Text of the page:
John DeBoie, 1987

South Albany Principal John DeBoie, center, speaking at West Albany this morning, asks students to return to school.

Stanford Smith, Democrat-Herald (File)

The following article originally ran in the Friday, October 30, 1987, edition of the Albany Democrat-Herald.

Students from South Albany High School, and some from West, marched off campus this morning in a protest against the continuing deadlock in negotiations between the Albany School Board and the teachers' union.

An estimated 300 students gathered in South's "Senior Hall" at the start of school for a sit-down strike. Many then left campus, and some with cars drove to West Albany High School to collect students in support of their protest.

West administrators tried to prevent students from leaving, but some did leave.

South Albany Principal John DeBoie met with the students on West's front lawn. He said he understood their frustrations and said that graduation would not be affected if teachers strike.

DeBoie told students he recently underwent back surgery and asked them to go back to school "for me."

Students then crowded into the school district office and spoke with administrators.

Don Shore, an Oregon Education Association coordinator temporarily stationed in Albany, said today the union did not condone and was not encouraging students walking out.

He said the union had asked teachers not to discuss labor issues in class but this was difficult when students asked questions.

However, according to Kim Thorp, a junior at South, some teachers "were rooting for us."

Assistant Principal Elaine Wells at South said students involved with SAFE — Students' Association for Education — organized the sit-down protest, which then "got out of hand."

"There were I'd guess 300 involved and probably another group that saw an advantageous situation and decided to take the day off," she said. "Obviously the youngsters are going to lose today's education and what would be going on in the classroom," she said. "That's not a good situation."

Some students who defied administrators were sent home and further disciplinary steps may be taken, she said.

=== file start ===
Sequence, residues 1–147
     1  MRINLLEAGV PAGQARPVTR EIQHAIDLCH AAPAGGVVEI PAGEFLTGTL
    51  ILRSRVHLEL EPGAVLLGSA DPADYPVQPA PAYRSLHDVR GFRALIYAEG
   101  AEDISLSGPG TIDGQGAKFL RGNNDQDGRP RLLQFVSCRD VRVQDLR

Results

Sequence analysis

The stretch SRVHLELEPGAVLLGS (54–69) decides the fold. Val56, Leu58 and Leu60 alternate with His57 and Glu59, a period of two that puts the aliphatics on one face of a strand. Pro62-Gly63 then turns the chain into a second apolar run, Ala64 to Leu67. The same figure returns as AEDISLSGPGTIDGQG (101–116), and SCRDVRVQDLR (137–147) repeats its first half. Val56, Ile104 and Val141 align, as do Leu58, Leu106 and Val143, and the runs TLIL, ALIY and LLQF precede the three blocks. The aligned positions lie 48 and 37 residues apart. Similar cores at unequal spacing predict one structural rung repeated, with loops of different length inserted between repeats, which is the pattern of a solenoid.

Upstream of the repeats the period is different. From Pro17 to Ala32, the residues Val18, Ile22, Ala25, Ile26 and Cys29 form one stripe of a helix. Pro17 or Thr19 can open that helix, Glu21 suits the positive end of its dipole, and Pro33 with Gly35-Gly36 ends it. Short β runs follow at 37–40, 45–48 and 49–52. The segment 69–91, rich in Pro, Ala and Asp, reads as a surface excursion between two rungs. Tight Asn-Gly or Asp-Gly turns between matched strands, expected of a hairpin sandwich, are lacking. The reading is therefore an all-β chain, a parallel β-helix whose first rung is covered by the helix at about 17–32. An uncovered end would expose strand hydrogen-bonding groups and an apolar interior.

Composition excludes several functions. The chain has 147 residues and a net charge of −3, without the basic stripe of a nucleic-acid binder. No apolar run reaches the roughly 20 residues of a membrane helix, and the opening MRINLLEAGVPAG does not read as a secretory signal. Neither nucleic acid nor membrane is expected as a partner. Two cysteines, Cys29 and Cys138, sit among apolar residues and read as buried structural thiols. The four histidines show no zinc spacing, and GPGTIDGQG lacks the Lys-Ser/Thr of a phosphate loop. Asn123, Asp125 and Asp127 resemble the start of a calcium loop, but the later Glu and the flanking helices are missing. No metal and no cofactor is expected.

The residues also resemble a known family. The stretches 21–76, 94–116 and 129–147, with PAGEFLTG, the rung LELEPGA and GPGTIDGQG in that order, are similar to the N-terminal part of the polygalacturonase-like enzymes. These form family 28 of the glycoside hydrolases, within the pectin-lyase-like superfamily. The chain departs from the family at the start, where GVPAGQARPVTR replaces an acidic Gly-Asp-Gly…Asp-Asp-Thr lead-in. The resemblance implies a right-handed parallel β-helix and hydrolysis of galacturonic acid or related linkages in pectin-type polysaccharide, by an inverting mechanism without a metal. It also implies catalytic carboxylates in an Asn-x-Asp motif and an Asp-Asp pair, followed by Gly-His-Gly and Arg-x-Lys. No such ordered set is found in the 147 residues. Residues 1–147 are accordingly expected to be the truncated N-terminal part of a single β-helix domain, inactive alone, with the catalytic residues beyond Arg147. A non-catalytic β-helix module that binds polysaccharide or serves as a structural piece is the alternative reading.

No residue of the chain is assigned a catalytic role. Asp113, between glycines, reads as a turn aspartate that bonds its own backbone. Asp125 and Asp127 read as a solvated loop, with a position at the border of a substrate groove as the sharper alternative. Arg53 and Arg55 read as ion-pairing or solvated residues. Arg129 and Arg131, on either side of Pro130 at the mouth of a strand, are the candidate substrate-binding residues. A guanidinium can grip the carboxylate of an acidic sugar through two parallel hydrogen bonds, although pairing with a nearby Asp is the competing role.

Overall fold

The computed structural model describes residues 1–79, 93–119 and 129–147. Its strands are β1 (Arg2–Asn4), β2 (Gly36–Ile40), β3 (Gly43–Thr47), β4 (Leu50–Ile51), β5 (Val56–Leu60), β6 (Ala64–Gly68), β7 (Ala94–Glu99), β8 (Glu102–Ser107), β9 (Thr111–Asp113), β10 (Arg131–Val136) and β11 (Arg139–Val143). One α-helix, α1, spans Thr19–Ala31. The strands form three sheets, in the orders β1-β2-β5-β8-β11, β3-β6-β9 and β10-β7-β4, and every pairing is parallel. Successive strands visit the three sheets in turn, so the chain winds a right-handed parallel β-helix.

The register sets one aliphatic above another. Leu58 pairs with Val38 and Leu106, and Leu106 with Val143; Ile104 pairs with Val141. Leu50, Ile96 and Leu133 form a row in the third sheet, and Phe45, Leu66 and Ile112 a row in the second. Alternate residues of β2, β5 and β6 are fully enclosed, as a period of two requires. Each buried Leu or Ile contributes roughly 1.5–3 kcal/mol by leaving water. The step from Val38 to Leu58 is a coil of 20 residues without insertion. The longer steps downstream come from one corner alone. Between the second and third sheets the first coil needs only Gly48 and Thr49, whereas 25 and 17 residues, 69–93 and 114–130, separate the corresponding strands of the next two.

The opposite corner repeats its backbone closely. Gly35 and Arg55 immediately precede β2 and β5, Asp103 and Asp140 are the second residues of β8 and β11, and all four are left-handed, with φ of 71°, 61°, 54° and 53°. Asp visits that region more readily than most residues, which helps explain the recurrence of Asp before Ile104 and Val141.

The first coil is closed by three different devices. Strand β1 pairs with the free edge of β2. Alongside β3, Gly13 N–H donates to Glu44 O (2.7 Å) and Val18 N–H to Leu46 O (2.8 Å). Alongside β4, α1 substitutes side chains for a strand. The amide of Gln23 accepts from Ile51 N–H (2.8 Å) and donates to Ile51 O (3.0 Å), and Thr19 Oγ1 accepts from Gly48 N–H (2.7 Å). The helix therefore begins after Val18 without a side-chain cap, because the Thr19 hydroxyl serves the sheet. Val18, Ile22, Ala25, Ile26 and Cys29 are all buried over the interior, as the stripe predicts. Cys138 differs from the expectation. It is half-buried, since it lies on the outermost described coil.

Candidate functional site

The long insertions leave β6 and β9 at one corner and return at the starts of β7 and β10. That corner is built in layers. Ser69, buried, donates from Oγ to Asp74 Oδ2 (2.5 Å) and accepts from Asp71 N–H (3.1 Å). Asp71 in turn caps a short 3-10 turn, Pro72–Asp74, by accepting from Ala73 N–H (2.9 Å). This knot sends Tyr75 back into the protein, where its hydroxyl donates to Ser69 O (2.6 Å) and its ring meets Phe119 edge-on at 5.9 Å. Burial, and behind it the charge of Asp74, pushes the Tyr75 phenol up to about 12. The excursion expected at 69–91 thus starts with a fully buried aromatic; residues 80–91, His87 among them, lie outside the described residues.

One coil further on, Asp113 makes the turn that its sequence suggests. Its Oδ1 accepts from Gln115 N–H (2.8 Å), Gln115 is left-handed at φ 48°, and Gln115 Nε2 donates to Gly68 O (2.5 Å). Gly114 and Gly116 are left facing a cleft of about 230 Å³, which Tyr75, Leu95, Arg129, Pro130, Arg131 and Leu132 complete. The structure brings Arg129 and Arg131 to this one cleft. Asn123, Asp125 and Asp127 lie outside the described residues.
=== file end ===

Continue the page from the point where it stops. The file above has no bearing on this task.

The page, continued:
SAFE is planning a "human chain" for 9 a.m. Saturday, stretching from the teacher union's "crisis headquarters" at 121 First Ave. E. to the district office, 718 Seventh Ave. S.W.

At the district office, students began arriving around 10:15. About 300 boisterous students eventually crowded into a meeting room. Some were dressed in Halloween costumes.

"Nobody cares about our education, they care about money," said Shellee Magee, a senior at South. One girl called the demonstration a "peace walk."

Student representatives Dee Dee Gonzalez from South and Trent Fox from West questioned Superintendent Robert H. Williams and Wes Smith, his assistant.

Gonzalez asked: "Why pay (the substitutes) so much more per day when you can give the real teachers a raise?"

Smith replied: "The average teacher makes $148 a day which is what's going to be paid to replacement teachers."

The questions were often interrupted by riotous applause and hollering as more students crowded in.

Many others sat outside, shouting and cheering.

Students booed when Smith said, "We agreed we'd talk for 15 minutes. Now it's time to go back to classes."

Smith said school officials were concerned that some students rode to the demonstration crowded in the back of pickups. School buses were provided to take the students back to classes, but most refused to ride them.

When Smith and Williams were being drowned out by yelling, one student shouted, "If you're not serious, go back to school."

Albany Police Chief Darrell Pepper arrived at the office as the crowd was breaking up. He said he hadn't come because of the demonstration but had business with someone in a nearby house.

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